July 11, 2014

Ice Cream Innovators

We’re stepping way beyond plain vanilla this month. Come with us down the Rocky Road to the Salted Caramel and on into the Wildberry Lavender. We’ll stop in on Fentons’ 120th anniversary celebration, Berkeley’s new Bootleg Creamery, and Jeni’s Splendid Ice Cream (a cookbook) before taking a turn toward cheesemaking (dairy and not) at Ruby Blume’s book release party. And, we’ve got a scoop for food crafters: a call for entries to win a Good Food Award.

Photo courtesy of Fenton's

Photo courtesy of Fenton’s

Party Time at Fentons!

Sunday, July 20, noon–3pm
Fentons Ice Cream Social Celebration
4226 Piedmont Avenue, Oakland



Fentons Creamery celebrates 120 years of dishing up scrumptious ice cream and sundaes! Join in on National Ice Cream Day, Sunday July 20, for free scoops of signature flavors and a special price on Fentons’ signature Black & Tan Junior Sundaes. Enjoy a barbecue on the patio, crafts projects, and visits from 4-H animals like Myrtle the Cow.

Founded in 1894 by Elbridge Seth Fenton, Fentons is the oldest continuously operating creamery west of the Mississippi. It’s the birthplace of Toasted Almond, Swiss Milk Chocolate, and Rocky Road ice creams, all invented by Melvin Fenton, grandson of E.S. Fenton. Fentons sells over a ton of ice cream each day, all made on the premises

Info: here or 510.658.7000

Photos courtesy of Fentons


A Visit to Bootleg Creamery

By Charlotte Peale

Ice cream is one of my favorite after-school snacks, so I was excited when Mother asked if I’d like to visit Bootleg Creamery, a maker of “artisanal and avant-garde” ice cream, located inside Kitchen on 10th, a commercial kitchen in West Berkeley. Unlike scoop shops, which offer immediate satisfaction with a cone or a sundae, Bootleg Creamery operates using an online ordering system through which you can order one or many of the creamery’s unique weekly flavors. Your ice cream can be delivered straight to your door or picked up from the kitchen one to three days after you order.

jessicarollinsonInside the packed kitchen space, shared with local businesses including Indie Cakes and Pastries and Ippo Ramen, we met the owner and “churner-in-chief” Jessica Rollinson, who cheerfully greeted us as she juggled pints of her mostly organic and egg-free Philadelphia-style ice cream. As she dug around in the giant walk-in freezer for pints of German Chocolate Cake and Sweet Corn & Black Raspberry, Rollinson mentioned that Salted Caramel is her most popular flavor. Given her array of specialty ice creams made from Humboldt Dairy milk and cream with add-ins like Tcho chocolate, Blossom Bluff Orchard peaches, and macerated Cap’n Crunch, I’m not sure how there could be one “most popular flavor.” We spotted a copy of Jeni’s Splendid Ice Creams at Home on a shelf, “Inspiration!” according to Rollinson, for many of her creative confections.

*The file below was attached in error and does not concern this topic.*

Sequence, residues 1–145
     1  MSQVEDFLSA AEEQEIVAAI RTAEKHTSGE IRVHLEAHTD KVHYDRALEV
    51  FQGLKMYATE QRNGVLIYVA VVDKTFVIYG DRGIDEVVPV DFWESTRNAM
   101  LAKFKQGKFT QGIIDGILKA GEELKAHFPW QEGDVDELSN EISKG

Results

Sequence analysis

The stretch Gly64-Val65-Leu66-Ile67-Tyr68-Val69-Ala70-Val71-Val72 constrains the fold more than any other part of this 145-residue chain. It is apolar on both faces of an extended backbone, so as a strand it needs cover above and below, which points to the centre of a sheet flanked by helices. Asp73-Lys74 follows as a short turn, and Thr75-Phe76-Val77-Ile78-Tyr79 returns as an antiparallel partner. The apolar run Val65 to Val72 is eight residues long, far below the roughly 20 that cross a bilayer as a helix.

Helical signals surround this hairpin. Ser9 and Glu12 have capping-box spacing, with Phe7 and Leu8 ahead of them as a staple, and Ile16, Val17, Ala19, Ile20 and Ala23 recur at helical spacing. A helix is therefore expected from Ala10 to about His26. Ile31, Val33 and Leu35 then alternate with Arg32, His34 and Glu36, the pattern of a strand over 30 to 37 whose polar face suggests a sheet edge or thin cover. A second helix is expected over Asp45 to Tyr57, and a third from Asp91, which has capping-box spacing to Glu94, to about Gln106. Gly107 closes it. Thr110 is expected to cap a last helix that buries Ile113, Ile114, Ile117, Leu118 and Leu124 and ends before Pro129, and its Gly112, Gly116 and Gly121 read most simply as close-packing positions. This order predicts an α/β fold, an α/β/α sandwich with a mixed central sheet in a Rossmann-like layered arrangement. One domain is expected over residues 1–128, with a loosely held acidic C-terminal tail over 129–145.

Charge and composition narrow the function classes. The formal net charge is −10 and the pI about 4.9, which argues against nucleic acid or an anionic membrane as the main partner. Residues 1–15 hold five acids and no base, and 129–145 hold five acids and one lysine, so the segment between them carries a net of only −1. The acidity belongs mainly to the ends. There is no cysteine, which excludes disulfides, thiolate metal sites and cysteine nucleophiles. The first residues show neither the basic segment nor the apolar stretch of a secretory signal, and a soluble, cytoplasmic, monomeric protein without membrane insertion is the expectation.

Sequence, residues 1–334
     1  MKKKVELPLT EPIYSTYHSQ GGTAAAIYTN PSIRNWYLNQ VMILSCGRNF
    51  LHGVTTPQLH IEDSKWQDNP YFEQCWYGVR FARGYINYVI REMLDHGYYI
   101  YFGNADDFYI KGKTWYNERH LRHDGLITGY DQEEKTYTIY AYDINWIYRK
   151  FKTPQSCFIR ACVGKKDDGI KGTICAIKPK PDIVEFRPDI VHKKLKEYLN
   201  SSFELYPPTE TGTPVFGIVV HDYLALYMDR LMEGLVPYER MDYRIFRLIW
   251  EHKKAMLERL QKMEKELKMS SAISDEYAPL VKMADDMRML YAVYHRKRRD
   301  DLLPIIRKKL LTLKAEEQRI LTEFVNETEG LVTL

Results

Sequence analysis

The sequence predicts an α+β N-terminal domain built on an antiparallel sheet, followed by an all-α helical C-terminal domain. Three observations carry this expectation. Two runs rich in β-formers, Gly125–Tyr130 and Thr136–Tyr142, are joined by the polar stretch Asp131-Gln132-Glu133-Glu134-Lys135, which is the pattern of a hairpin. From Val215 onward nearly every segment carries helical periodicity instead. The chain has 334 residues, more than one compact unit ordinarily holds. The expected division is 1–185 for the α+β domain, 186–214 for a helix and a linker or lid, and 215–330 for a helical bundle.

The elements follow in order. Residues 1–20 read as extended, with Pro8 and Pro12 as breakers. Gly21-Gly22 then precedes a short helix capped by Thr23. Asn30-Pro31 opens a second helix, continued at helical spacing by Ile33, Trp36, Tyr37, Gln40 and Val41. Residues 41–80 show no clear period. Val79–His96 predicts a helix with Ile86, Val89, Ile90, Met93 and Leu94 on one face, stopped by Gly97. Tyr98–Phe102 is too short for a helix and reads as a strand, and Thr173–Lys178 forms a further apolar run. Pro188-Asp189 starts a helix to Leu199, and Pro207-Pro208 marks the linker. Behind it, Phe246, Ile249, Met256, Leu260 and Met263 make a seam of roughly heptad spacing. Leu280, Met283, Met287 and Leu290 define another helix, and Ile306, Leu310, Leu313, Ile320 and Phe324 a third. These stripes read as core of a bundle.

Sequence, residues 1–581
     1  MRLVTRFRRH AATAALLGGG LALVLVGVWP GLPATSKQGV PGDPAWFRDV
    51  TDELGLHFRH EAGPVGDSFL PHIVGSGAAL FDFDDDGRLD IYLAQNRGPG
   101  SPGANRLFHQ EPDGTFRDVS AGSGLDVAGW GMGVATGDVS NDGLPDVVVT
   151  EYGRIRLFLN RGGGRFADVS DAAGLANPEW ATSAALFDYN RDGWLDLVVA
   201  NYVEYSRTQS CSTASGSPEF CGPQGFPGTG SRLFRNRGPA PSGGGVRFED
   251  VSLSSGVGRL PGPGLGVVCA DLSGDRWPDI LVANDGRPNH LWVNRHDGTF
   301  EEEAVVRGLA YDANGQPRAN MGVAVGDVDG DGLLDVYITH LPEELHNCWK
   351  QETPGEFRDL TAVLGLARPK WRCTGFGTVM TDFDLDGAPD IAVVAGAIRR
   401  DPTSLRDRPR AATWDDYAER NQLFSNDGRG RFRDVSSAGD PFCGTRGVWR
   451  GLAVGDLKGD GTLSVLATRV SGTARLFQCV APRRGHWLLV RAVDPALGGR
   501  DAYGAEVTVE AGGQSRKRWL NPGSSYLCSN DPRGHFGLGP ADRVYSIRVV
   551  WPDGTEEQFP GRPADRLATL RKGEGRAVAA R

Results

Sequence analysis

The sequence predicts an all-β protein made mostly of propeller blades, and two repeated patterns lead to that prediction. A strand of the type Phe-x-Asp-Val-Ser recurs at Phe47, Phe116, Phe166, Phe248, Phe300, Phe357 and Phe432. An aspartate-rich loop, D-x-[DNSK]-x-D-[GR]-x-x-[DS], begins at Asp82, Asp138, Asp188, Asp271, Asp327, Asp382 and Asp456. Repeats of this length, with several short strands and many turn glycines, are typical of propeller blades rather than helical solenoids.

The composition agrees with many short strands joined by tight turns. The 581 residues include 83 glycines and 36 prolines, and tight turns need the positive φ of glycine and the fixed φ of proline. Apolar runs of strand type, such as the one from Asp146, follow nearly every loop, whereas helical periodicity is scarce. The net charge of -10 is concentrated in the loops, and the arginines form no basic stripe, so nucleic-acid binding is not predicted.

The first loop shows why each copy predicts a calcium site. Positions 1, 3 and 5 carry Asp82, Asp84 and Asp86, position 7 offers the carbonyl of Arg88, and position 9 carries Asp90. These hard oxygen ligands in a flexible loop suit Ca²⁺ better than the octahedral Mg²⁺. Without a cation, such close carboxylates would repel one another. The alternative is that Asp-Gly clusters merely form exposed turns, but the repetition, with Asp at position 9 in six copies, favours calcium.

ice-cream-pint(3)Rollinson was excited to tell us about various catering events that she serves. Armed with what she described as a “cute vintage ice cream cart,” Rollinson caters parties and business events, serving by-the-scoop ice cream in cups or cones to lucky attendees. (Student council leaders, are you taking notes?) The Bootleg Creamery cart has also appeared at a number of popups with other local establishments such as Pizzaiolo and Inna Jam. Rollinson hinted that there may be another popup on the horizon, but if you can’t wait, head to the pint shop online and you are sure to be rewarded with spoonfuls of delectable goodness. Rollinson told us happily, “This is the best job I’ve ever had.” We can see why.

Pictured top left: Jessica Rollinson is “churner in chief” at Bootleg Creamery. Middle left: Blueberry Muffin ice cream: a browned butter, vanilla, and lemon zest base, plus a fresh blueberry compote and crunchy pieces of cinnamon streusel. Below: A treat for the 4th of July: star-spangled vanilla ice cream exploding with alternating ribbons of strawberry and blueberry compote plus flaky pie crust pieces.
Photos courtesy of Jessica Rollinson


Book Release Party:
Everyday Cheesemaking

Thursday July 24, 7–9pm
Ecology Center, 2350 San Pablo Avenue, Berkeley **[Please note this address was printed incorrectly in the summer issue of Edible East Bay.]